Tree Rings, my most recent sculpture, was installed at Glen Villa a few weeks ago. Making this sculpture has been more challenging technically and mentally than I anticipated. Certainly it has taken longer than I thought it would.
The project began in September 2014 when the top of an old maple tree blew off during a heavy wind storm.
Luckily, the tree fell away from the house, causing no damage and leaving behind a 14 foot tree trunk with an interestingly uneven top.
Without its top the tree was dead. The obvious thing was to remove what was left, either cutting the trunk off at ground level or removing it, roots and all. But something about the tree trunk urged me to leave it, at least for a while.
In a blog post written in September 2014, not long after the top blew off, I asked for ideas about what to do with the stub, technically called a snag. One person suggested cutting a wedge to determine the tree’s age. That idea made me consider the tree in a new way, to think less about its form and more about its life. Put simply, that suggestion inspired Tree Rings.
Rather than removing the snag, I decided to honour it. Over the winter months, I worked on a maquette, clarifying my ideas and determining dimensions. The plywood base of the maquette replicated the angle of the slope, a feature that had to be considered in any design.
In July this year, in a blog post called What’s With the Weather? I announced that I was ready to begin work. I detailed what the finished sculpture would look like.
“Metal bands 9 feet in diameter will circle the tree, showing on the outside of the trunk the rings that normally are inside. Like these annual growth rings, the bands will vary in width. Some will be constructed of steel that rusts, others will be stainless steel. The stainless rings will be laser cut with dates and phrases that document important events in the life of the tree and what was happening around it, on the Glen Villa site.”
Sounds definitive, doesn’t it? Except that once I’d written that post, I began to second guess myself. Would the rings hide too much of the tree trunk? Did the dates and phrases I’d chosen honour the tree or simply list what had happened around it? And wasn’t a list a bit banal?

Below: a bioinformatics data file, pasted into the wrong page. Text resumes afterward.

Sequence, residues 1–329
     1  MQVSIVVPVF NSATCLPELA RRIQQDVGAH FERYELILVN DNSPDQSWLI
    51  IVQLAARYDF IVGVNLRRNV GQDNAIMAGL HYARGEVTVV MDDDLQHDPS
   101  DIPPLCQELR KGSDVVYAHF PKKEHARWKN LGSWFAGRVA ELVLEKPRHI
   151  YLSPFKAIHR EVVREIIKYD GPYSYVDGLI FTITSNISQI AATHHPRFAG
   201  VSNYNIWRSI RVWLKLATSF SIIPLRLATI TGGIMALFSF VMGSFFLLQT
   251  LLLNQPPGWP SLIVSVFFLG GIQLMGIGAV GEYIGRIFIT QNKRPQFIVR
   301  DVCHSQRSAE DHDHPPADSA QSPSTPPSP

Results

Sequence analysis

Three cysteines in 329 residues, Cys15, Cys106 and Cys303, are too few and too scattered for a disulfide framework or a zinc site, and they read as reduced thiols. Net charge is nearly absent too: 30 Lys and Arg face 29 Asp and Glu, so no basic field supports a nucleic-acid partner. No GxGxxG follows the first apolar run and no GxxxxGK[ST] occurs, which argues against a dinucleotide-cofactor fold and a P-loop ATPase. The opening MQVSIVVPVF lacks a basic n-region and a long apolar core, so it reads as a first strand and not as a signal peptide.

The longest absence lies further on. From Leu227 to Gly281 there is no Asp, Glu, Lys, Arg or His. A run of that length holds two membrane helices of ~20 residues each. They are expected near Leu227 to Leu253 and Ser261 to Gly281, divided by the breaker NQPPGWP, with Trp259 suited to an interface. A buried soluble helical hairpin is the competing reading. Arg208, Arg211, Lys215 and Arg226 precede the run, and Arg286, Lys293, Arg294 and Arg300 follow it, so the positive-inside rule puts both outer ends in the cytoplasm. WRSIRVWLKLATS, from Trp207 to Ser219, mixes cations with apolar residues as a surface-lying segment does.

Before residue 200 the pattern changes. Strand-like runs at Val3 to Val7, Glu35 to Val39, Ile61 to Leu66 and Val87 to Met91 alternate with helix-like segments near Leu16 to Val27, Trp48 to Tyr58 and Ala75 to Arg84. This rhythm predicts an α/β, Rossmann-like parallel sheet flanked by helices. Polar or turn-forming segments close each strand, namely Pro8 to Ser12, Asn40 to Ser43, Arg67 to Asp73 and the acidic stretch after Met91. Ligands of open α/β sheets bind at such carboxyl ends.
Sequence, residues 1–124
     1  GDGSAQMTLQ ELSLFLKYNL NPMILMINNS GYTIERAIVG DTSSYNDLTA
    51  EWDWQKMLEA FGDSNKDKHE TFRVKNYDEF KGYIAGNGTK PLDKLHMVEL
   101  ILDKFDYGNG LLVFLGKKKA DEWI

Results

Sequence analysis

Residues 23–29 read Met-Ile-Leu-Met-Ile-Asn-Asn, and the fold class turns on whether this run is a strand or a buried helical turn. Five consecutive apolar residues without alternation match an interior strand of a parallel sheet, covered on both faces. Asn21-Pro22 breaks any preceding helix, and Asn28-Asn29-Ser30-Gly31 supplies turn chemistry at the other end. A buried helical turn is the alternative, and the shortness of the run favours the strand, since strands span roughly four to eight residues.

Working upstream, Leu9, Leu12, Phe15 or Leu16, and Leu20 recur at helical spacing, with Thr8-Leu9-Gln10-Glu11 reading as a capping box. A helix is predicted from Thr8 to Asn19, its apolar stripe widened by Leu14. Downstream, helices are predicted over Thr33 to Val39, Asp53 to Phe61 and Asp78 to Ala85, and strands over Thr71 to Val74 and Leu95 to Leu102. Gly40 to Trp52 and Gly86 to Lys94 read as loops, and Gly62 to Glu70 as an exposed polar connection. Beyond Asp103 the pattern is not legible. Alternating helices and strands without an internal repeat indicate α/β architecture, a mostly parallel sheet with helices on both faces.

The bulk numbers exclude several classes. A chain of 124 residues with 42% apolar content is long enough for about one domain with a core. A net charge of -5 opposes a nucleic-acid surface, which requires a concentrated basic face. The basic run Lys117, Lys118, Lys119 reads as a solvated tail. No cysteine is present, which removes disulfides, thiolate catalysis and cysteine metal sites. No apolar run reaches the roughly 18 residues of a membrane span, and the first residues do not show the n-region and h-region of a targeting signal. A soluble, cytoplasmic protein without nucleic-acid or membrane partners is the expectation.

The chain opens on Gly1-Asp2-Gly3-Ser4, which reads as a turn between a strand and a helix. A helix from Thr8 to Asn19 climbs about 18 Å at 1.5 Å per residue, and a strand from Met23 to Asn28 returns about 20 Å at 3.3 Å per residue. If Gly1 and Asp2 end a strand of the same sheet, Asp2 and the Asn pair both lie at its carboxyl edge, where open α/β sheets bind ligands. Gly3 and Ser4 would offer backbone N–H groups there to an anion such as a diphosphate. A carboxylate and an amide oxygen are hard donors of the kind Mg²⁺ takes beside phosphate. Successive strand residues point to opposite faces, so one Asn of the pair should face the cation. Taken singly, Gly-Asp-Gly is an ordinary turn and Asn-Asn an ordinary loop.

While I was uncertain about the words, I decided to begin nonetheless. I determined the final dimensions of the circle and the number of posts I needed to support the weight of the stainless steel rings. Jacques and Ken, my right-hand men and advisers on all things technical, determined that the holes for the posts couldn’t be dug by hand. So on a rainy day in July, the post hole digger arrived.
Digging the holes and inserting the metal sleeves for the posts was easy, although drilling through the roots of the tree meant the job took longer than expected.
Getting the machine back up the hill was not easy, since rain had softened the ground and made the muddy grass slippery.
The grass needed time to recover but everything else was ready to go. The machine shop was waiting for the final design and would begin fabricating the rings and laser cutting words into the steel as soon as I gave the ok. But still I hesitated. I knew that something was wrong. The words I’d chosen didn’t capture the spirit I was searching for.
So I started again. I considered other approaches, expressed in other ways. I knew I wanted to incorporate dates, not to show the history of the site but to acknowledge the life span of the tree. Dates alone weren’t enough, though. I needed a phrase or two that encapsulated that life, that spoke to the many things that had happened to the tree as it aged. I didn’t want a lot of words; in fact, I wanted as few as possible.
Finding those words took many hours, spread over a month or more. I tried different versions on my increasingly impatient family, until finally I hit on the words that, for me, said it all.
A date would appear on the lowest ring, circa 1848, my estimate of the tree’s age based on its girth five feet above the ground. The top ring would have another date, 2014, the year the tree died.
In the same way that I had reduced the number of words, I reduced the number of rings, from my original plan of one ring for every year of the tree’s life to only a few. The rings would differ in width to reflect how the tree had grown, more in some years, less in others. With the post holes in place, mocking up a full size model to determine the exact number and placement of rings took almost no time at all. Jacques and Ken cut strips of tin and I tried various arrangements before finally making a decision.
The final step was deciding how large the words should be and what they should look like. Tim Doherty, a graphic designer in Lennoxville, Quebec, was instrumental in this final part of the planning.
Richard Duquette, of Conception Duquette in Waterville, Quebec, fabricated the rings following my final design. Each stainless steel strip was bent into a circle and welded on site.
The rings went up one by one, and since each one had to be levelled, bolted and welded, the work took two full days. Rain didn’t speed things up.
I’m eager to see the sculpture in the winter, when the ground is covered with snow. So far, we’ve had a light dusting only, but even that little bit shows how strong the shadow of the tree and its rings will be.
I’m eager to see Tree Rings in the spring, when leaves begin to emerge on the trees that surround my shadow of a tree. I’m eager to see it in summer, when those leaves are fully green, and in autumn, when their colours will be reflected in the stainless rings.